“Be careful who you love, because Spring is coming and it’s a monster.”
Some critics has described Spring as ‘Lovecraftian,’–which is what drew me to it in the first place–and while a very good movie, Lovecraftian it’s not. For it to be so would imply that it was based on, or somehow similar or related to, the work of H.P. Lovecraft and his Cthulhu Mythos.
And it’s not, not in the least. Sure there are monsters, some even of the aquatic variety, and lots of water; but if that made a movie Lovecraftian, then Steven Spielberg’s Jaws could be as well (which it most definitely isn’t).
Because for a movie to be called so would mean that it not only involves monsters, but embody some of the underlying ideas of Lovecraft’s Mythos, which typically revolves around sinister forces aligned against humankind, whether on a larger or smaller scale.
Now what Spring is is an awesomely taut, interesting love story. It’s also best watched twice because you can see the care with which Aaron Moorhead and Justin Benson craft their story. There’s virtually no wasted frames in the entire movie, with everything you see either helping to contribute to a feeling of dread or sell the underlying premise.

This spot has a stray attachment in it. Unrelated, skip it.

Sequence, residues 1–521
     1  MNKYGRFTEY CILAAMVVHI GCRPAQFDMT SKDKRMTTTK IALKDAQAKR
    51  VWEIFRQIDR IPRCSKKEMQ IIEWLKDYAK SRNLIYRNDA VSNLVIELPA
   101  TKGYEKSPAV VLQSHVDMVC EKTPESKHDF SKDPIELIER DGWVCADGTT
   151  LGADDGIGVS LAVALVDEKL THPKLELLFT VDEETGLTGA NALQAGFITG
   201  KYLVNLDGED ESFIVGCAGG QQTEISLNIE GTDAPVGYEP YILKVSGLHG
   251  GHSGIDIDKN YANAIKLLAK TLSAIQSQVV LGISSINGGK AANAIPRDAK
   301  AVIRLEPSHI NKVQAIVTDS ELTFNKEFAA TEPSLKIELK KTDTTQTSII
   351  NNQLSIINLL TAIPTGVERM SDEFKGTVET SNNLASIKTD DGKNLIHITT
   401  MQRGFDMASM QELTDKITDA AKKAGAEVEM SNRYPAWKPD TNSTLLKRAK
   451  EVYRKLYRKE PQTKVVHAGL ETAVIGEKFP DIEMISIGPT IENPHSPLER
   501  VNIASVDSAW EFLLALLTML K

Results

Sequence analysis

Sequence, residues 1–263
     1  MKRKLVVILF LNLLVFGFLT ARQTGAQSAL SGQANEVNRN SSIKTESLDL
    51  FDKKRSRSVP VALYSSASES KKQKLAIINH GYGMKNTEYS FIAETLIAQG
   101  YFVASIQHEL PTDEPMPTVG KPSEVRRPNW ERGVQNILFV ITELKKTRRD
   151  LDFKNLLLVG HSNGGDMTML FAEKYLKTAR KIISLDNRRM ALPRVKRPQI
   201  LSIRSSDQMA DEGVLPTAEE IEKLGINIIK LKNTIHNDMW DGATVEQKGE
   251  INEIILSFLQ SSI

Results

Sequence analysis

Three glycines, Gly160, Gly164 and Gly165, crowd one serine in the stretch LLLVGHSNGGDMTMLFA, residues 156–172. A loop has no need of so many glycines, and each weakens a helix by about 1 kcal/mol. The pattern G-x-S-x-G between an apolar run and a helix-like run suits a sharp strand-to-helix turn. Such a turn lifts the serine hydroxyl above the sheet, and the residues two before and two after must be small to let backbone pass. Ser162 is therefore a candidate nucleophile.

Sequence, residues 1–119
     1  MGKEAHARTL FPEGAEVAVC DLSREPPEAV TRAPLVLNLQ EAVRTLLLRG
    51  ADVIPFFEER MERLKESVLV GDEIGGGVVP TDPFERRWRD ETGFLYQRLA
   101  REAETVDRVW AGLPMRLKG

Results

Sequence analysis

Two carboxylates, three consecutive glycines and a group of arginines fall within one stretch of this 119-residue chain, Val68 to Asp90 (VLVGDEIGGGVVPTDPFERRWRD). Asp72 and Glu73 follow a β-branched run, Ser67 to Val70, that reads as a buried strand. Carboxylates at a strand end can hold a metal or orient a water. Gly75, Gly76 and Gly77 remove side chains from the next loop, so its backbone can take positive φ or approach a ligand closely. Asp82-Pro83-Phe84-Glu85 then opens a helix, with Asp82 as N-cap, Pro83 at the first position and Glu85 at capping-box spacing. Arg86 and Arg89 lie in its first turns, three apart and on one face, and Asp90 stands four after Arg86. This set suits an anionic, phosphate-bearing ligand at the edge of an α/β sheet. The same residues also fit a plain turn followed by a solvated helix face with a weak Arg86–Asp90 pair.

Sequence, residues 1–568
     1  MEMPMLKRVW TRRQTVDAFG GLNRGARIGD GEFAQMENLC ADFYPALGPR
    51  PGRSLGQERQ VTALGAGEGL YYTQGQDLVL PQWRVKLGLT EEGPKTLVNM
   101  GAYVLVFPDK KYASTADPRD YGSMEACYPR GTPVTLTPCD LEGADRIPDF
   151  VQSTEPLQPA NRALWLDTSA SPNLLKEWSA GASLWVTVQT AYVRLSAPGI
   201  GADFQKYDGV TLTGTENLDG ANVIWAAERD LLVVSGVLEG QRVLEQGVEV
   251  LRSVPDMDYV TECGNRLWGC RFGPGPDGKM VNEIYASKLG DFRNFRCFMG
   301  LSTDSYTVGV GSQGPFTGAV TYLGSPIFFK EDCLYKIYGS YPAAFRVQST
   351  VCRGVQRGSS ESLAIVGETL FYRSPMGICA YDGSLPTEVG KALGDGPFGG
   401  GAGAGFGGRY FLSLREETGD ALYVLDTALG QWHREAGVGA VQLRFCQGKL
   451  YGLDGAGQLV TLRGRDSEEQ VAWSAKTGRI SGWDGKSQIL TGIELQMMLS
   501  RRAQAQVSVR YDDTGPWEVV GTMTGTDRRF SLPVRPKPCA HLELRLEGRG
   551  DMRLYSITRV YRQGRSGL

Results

Though it’s not perfect, with its weakest scene being the one where Louise (Nadia Pilker) looks into supernatural means to cure her…condition. The problem isn’t the scene in and of itself, more so than if a person had lived as long as she had, she’d probably have tried it already (though in the movie’s defense she might have done so because she found herself growing closer to Evan (Lou Taylor Pucci) and wasn’t thinking straight.
It’s no accident that that title of the movie is Spring, because the themes of death and rebirth run through the entire movie, most often in a very clever fashion.
The season of Spring has begun on iTunes, though be careful because while love may be eternal, you’re not.